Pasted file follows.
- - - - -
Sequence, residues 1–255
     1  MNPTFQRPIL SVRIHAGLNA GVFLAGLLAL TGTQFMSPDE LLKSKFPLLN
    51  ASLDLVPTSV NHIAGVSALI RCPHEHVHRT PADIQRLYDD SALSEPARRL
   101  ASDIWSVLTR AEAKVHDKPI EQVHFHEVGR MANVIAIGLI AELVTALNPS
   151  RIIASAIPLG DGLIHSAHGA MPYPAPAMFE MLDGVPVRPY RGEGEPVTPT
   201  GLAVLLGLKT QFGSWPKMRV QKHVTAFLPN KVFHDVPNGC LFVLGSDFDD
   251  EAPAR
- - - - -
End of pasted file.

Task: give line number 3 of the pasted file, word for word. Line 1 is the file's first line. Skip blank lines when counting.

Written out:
    51  ASLDLVPTSV NHIAGVSALI RCPHEHVHRT PADIQRLYDD SALSEPARRL